Curious, confounding and brilliant, Wittgenstein is a philosopher whom people find it easy to get obsessed with. In Investigating Wittgenstein, Giles Fraser explores the secrets of his attraction.
The How to Believe series explores the teachings, philosophies and beliefs of major thinkers and religious texts. In a short, easy-to-access format, leading writers present new understandings of these perennially important ideas.
©2013 Giles Fraser (P)2014 Audible Inc.
At little more than half an hour this is a very short introduction to Wittgenstein. It might be ideal for the student who wanted to know just enough to get by in a class discussion or a spouse wanting to prepare for a philosophy faculty cocktail party, if such things even exist anymore. I found some of what Giles Fraser had to say about the limits of language interesting. But too much time was spent on his personal conversion to Christianity. His experience may be life changing for him but it is frankly not that interesting. And it was not really what I was looking for in something titled Investigating Wittgenstein.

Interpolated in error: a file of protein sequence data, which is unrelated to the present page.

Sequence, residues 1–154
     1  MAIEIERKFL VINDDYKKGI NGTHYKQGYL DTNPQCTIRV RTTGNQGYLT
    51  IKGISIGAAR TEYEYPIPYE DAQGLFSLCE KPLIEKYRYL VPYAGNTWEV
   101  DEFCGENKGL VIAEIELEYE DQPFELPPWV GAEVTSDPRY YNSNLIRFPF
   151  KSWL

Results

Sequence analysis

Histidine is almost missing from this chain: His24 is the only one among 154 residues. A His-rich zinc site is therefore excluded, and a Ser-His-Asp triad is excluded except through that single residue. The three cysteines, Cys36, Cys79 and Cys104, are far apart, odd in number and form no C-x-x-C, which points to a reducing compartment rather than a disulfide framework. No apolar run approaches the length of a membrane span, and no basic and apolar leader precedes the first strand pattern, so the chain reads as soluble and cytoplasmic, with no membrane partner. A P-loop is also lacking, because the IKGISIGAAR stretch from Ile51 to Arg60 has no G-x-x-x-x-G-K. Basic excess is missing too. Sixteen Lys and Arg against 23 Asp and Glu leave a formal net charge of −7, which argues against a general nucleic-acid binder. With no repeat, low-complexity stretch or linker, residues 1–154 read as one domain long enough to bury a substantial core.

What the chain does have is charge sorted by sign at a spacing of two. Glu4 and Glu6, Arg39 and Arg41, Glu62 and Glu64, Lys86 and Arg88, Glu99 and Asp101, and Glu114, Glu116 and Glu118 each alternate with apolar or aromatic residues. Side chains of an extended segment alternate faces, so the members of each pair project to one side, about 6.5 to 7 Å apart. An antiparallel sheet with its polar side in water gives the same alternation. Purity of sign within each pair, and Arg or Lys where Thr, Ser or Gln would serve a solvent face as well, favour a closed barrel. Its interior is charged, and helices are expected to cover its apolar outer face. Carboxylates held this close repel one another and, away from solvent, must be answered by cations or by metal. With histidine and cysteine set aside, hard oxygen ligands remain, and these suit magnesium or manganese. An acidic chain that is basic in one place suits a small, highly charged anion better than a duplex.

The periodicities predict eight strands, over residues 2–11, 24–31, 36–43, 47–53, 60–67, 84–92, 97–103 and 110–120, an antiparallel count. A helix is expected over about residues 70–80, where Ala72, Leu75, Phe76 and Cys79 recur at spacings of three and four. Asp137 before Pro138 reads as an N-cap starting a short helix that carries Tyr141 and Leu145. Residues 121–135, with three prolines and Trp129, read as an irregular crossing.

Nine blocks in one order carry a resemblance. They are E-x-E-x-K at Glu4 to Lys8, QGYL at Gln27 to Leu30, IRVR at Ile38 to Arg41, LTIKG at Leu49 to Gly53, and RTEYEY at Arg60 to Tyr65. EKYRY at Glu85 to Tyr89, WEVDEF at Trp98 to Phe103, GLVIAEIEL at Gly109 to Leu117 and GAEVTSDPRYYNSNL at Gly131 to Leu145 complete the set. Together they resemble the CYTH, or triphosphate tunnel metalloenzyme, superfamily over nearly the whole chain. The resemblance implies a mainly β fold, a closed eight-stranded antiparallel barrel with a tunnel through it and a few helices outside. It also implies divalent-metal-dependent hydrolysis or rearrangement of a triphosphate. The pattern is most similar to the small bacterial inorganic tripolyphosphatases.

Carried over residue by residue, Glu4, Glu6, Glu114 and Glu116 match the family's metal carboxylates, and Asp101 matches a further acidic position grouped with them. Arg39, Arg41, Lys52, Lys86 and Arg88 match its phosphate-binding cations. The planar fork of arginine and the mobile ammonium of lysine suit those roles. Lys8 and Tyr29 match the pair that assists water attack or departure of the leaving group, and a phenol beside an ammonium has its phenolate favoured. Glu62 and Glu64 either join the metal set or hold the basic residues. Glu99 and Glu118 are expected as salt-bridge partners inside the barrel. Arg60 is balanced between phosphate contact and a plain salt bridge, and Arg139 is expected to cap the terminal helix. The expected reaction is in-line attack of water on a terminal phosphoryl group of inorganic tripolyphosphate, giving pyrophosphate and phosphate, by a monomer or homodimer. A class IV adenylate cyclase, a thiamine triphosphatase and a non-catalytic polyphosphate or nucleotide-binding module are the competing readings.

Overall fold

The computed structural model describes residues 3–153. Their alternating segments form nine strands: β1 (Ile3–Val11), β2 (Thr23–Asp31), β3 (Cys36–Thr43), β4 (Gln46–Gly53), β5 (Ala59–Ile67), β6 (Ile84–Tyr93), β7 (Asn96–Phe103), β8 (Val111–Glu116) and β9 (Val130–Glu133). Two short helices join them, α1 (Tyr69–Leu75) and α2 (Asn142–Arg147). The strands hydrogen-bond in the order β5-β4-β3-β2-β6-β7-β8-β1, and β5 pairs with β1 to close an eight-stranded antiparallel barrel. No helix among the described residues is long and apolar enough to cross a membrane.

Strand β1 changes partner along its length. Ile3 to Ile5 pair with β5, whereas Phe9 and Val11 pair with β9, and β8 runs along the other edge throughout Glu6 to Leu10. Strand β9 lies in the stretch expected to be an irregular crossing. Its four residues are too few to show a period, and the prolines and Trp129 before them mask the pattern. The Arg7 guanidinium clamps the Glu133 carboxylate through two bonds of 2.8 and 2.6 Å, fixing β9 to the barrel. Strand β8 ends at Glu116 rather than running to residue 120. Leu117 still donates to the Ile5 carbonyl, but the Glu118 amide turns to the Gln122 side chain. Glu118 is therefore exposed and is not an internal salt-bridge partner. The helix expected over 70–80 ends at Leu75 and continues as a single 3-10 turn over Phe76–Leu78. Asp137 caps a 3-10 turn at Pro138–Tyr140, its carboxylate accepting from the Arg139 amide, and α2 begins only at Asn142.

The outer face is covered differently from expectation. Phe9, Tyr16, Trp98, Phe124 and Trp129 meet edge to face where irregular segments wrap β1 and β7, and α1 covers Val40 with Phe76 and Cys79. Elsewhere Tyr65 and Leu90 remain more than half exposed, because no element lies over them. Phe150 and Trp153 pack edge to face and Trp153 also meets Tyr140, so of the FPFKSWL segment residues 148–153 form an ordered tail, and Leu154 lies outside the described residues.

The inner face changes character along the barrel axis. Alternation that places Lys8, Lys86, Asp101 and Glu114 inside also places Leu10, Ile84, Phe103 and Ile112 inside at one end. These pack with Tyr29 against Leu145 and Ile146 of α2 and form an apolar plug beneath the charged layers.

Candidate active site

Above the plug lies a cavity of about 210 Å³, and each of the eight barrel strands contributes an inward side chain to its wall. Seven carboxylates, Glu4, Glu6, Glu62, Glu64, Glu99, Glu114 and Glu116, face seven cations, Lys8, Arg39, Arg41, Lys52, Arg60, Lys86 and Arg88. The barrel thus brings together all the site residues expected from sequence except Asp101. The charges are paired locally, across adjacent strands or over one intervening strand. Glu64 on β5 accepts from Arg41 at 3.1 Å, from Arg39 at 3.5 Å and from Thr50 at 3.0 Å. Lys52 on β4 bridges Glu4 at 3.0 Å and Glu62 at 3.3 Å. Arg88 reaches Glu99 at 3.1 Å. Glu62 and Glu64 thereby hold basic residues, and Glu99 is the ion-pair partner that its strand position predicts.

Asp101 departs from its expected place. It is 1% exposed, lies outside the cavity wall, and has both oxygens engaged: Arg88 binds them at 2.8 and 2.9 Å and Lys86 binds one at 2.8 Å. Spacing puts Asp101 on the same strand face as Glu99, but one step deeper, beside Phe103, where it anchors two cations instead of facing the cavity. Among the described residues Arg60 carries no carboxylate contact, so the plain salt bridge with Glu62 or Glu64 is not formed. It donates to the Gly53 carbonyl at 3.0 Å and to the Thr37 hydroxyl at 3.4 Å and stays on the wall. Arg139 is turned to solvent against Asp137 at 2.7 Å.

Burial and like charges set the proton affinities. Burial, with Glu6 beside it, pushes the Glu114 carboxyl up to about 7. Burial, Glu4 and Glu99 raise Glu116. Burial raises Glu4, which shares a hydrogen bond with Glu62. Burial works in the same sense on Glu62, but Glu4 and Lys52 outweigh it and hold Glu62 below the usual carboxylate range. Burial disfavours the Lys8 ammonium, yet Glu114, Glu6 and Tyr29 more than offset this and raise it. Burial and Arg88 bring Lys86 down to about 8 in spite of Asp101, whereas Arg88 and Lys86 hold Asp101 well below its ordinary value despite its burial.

As other reviewers have noted, this is an odd book, perhaps expanded from a paper or a memoir by someone who had been obsessed with Wittgenstein earlier in life and then, at some later time, had to resolve that with a conversion to strong Christianity. If you are looking for a relatively brief overview of Wittgenstein's life and work, consider Bartley's "Wittgenstein". This book is an unusual hybrid of memoir, Christian theology, and selected portions of Wittgenstein's work, sewn together into a short book that doesn't have a clear purpose or audience.
Nothing against the author, who seems very smart, but I don't think I'd have published this book at all. I don't understand the theme of it. If some of the personal stuff had been taken out, it might be part of a long textbook at a Christian university on resolving Western philosophy to Christian theology.
Sorry, I do not recommend this book.
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